A town united in grief over teacher’s horrific murder
The murder of schoolteacher Stephanie Scoptt in the NSW town of Leeton shocked Australia. In this chilling book extract, Monique Patterson looks back on the shocking day that evil broke the heart of the nation on Easter Sunday.
Stephanie Scott had never been happier.
She was about to marry the man of her dreams and celebrate with all her family and friends. She had worked for hours to add personal touches to the special day and when her fiance asked her to head out of town for a party she told him she had a few more things to tick off her to-do list.
One was to head into Leeton High School, where she was a teacher, to finalise plans for the person who would fill in for her at the school in Leeton in the picturesque Riverina region of southern NSW, while she was on her honeymoon.
It was Easter Sunday, 2015.
No one could predict what would happen that fateful day. No one ever thought that evil could break the heart of a town and a nation. But psychopath janitor Vincent Stanford had been hiding in plain sight waiting to make his move.
In the days following the discovery of Stephanie's body, the change in Leeton was palpable.
In a sense reality had set in. People walking down the street greeted each other in a different way - not with their usual smile and a "morning" or "hey, how you going?" but with a forced half smile and a knowing nod of the head. The line up at the supermarket that once gave residents a few extra minutes to share a conversation with a friend was now a source of great frustration. The town's set of traffic lights seemed to stay on red longer.
Husbands and wives bickered over minor things they never would have before. Their grief had pushed them to a breaking point. When Stephanie disappeared, residents had a purpose. They had kept themselves busy trying to help locate the bride-to-be. After her body was found, shock set in. Now people were left alone with their thoughts and the dark cloud that had set in over Leeton when it was revealed a monster lived among them.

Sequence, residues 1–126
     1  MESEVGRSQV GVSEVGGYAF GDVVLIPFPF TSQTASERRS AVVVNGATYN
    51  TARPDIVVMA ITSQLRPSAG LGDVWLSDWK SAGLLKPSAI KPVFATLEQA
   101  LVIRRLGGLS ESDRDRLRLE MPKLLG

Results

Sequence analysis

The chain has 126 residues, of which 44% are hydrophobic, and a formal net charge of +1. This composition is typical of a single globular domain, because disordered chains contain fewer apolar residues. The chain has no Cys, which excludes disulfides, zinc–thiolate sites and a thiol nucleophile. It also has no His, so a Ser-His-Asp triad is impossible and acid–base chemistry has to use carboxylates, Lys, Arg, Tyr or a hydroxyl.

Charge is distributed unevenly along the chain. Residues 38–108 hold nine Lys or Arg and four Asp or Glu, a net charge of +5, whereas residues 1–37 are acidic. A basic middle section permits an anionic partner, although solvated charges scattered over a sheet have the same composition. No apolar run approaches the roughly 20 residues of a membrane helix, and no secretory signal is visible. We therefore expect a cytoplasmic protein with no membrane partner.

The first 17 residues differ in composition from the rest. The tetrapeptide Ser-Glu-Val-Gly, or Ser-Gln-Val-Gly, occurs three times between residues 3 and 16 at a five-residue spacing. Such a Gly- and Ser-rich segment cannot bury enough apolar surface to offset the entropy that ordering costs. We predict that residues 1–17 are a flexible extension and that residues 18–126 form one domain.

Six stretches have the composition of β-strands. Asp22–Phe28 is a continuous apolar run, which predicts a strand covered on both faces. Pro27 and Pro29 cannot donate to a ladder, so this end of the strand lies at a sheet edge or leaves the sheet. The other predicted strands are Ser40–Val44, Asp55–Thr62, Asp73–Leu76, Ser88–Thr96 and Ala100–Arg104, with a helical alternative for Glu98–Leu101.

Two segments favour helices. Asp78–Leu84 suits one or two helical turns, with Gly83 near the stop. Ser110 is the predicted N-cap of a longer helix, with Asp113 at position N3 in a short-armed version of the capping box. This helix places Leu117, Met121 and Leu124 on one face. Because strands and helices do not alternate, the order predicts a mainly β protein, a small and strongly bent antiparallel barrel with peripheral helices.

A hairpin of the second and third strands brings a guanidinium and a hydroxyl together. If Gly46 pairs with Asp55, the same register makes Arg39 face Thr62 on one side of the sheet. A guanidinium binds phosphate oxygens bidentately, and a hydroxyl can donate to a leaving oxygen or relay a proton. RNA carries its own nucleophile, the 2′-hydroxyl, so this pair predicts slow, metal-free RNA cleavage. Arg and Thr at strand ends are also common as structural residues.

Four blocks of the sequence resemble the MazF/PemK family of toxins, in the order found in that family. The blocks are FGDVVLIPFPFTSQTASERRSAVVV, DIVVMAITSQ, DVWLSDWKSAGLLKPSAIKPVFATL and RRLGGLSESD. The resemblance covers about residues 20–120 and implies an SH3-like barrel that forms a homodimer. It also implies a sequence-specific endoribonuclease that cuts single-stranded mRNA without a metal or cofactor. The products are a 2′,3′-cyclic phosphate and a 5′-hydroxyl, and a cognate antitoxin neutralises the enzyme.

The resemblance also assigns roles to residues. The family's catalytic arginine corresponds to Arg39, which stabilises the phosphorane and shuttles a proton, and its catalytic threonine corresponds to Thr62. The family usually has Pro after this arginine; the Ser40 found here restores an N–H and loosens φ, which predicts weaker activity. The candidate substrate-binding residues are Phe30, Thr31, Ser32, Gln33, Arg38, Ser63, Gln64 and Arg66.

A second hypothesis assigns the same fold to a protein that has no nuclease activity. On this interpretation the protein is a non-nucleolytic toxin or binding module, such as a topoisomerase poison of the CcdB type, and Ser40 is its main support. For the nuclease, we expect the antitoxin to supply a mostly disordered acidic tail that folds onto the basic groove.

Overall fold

Stephanie's family now had the task of planning her funeral. She would be buried at the place she had chosen as her wedding venue - a picturesque function centre in Eugowra. The song that had been chosen to mark the couple's first dance as husband and wife, Keith Urban's Making Memories of Us, instead was played as the 26-year-old teacher was buried.
The lyrics were almost too much for Stephanie's fiance to bear. The two had sung it together many times before; I wanna sleep with your forever, And I wanna die in your arms. That is something that he had pictured - the two growing old together surrounded by children and grandchildren. The grey sky over the function centre was briefly brightened as dozens of yellow balloons were released. But it was a fleeting moment overshadowed by the total injustice of it all.
Once again the Scott family remained stoic - how they were able to do this to ensure their darling daughter had the send-off she deserved remains a mystery.
Stephanie's sister Robyn said what the whole world was thinking: "The world is far less bright without her in it. Our lives less full and our future less whole. How can this happen to someone so good?" Stephanie's sister Kim told mourners the beloved teacher had a strong sense of who she was. "Steph never cared what anyone thought of her," Kim said. "She had an easy way about her that meant she could get along with anyone."
In Leeton, businesses closed between 1pm and 2pm as a mark of respect. The usual hustle and bustle of the main street was replaced with an eerie quiet. It mirrored the status of the hearts of residents - closed. In another unexpected turn of events and one that people didn't quite know how to take, Vincent Stanford's mother Anneke asked Leeton mayor Paul Maytom to pass on her condolences to Stephanie's family. She said she had been suffering from shock and grief since her son was arrested. Mr Maytom said: "Obviously, she herself is traumatised by this whole incident too. I think it [is] a good thing to let her know we are there for her and give her the opportunity to talk to someone."
After the service, Stephanie's nearest and dearest returned to her hometown of Canowindra to continue to celebrate her short life and the unforgettable stamp she left on the world.